When I decided to start my own business, I wasn’t exactly sure where the money would come from, so I had a lot of irons in the fire. One of those irons was becoming a public speaker who is paid to speak at conferences and events. Ultimately, I ended up not pursuing that possibility. Being a professional speaker at events requires a lot of travel. Those who do it are constantly going to new conferences across the globe, and traveling 50% or more of the time. That was not for me. I max out at about four events per year, in part because I have three small children that I like seeing, and in part because I am a bit of a homebody.

I have to give myself a B- for this goal, which is a grade I am completely okay with. My priorities shifted through the year and this became less of an important goal for me.

Learn Go for real

Nope. Wanted to do this in 2018 and I didn’t. Wanted to do this in 2019 and I didn’t. Learning Go will probably remain one of those low priority goals that keeps getting overridden by more important things. The only way I will ever learn Go is if there is a financial driver behind it.

When you are self-employed, every project you undertake needs to be evaluated on it’s monetary implications. Learning to write better has a direct impact on how often I am paid to write, so that is a worthwhile endeavor. Learning about Kubernetes administration makes me a better host for Day Two Cloud, where so many of the conversations include something about K8s. Likewise, learning about GCP or other cloud related technologies. And being a better host of D2C means more subscribers and downloads, which means more interest from sponsors, which means more money in my pocket. But learning Go? So far I don’t see a direct path from learning Go to making more money as Ned in the Cloud LLC. Until I see that path, this will remain an item of vague interest for me.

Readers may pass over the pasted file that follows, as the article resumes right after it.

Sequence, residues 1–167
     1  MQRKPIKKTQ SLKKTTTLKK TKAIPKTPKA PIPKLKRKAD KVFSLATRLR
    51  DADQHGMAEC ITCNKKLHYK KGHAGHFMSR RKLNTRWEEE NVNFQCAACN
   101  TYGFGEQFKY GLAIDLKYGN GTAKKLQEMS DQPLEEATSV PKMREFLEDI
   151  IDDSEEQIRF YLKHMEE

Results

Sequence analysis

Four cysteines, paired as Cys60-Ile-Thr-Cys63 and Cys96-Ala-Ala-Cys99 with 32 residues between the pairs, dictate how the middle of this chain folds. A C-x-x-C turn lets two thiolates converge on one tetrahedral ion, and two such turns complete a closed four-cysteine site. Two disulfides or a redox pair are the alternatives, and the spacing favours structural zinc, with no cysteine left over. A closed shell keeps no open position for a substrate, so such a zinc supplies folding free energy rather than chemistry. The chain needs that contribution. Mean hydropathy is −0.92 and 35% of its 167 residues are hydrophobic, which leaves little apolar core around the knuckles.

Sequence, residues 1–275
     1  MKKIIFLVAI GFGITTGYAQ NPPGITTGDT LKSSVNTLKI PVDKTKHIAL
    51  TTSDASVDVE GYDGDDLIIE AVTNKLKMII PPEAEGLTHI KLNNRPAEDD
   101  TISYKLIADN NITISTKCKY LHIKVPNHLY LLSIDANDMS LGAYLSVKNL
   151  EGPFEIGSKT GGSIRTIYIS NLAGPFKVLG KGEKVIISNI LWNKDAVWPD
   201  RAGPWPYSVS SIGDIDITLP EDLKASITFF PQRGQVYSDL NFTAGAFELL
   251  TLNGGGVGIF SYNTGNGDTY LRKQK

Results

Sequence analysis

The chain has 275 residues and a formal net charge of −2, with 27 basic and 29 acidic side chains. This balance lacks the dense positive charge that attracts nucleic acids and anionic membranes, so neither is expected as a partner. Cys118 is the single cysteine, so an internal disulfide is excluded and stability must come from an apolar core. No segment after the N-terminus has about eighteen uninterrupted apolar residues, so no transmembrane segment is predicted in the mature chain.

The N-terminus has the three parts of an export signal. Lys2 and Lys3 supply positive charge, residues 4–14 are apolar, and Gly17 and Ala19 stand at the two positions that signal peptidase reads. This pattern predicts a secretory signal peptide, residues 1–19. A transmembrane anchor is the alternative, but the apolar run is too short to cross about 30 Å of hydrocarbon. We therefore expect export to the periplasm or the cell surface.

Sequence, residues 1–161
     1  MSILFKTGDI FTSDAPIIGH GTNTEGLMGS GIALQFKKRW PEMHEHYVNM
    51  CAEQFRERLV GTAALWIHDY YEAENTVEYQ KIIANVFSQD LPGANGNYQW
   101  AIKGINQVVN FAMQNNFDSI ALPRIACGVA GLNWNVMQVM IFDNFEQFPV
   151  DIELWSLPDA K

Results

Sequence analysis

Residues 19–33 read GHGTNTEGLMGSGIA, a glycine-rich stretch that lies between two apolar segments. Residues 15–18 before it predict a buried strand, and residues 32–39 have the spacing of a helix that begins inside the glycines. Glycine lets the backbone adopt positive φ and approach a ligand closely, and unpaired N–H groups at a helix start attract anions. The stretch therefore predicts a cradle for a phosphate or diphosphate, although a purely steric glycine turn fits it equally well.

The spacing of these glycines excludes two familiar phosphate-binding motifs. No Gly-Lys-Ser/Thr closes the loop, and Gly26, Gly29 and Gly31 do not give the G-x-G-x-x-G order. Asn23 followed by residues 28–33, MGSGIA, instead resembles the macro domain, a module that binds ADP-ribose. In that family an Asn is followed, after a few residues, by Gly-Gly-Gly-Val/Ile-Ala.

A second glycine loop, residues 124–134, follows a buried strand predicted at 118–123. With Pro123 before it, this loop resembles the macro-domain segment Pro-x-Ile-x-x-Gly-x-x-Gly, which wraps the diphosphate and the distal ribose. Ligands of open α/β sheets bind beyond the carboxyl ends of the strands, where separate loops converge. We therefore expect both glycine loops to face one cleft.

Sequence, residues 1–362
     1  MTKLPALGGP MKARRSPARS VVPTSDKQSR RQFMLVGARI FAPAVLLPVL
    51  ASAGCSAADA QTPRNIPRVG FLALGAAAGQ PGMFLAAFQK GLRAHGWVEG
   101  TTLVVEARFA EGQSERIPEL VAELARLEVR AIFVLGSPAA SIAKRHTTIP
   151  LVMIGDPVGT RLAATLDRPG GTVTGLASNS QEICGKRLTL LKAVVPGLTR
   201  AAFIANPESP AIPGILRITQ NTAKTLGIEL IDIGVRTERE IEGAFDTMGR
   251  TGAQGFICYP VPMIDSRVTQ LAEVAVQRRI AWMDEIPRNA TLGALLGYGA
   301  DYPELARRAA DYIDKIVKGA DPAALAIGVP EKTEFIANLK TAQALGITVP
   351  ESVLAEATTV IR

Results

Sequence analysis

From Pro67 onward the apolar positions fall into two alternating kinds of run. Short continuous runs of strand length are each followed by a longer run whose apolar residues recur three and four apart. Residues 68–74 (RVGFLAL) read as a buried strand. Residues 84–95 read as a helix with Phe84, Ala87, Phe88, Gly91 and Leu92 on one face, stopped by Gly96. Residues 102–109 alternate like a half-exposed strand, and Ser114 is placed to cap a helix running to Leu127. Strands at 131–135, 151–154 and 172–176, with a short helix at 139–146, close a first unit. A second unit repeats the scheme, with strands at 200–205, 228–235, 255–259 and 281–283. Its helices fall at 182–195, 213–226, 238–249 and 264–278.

I give myself an F for this goal, and that is fine by me.

That’s it for my goals in review. As I alluded to earlier, my goals and priorities shifted over the course of the year. There was no way to predict that D2C would take off like it did, that I would end up writing a book, or that I’d get a gig writing technical docs part-time. The thing about goals is they need to align with your overall strategy, and each time you revise your strategy you also have to revise your goals. As 2020 starts, I need to make sure I have a viable strategy for Ned in the Cloud, and make sure my personal and business goals align with that strategy. That is the topic of my next post.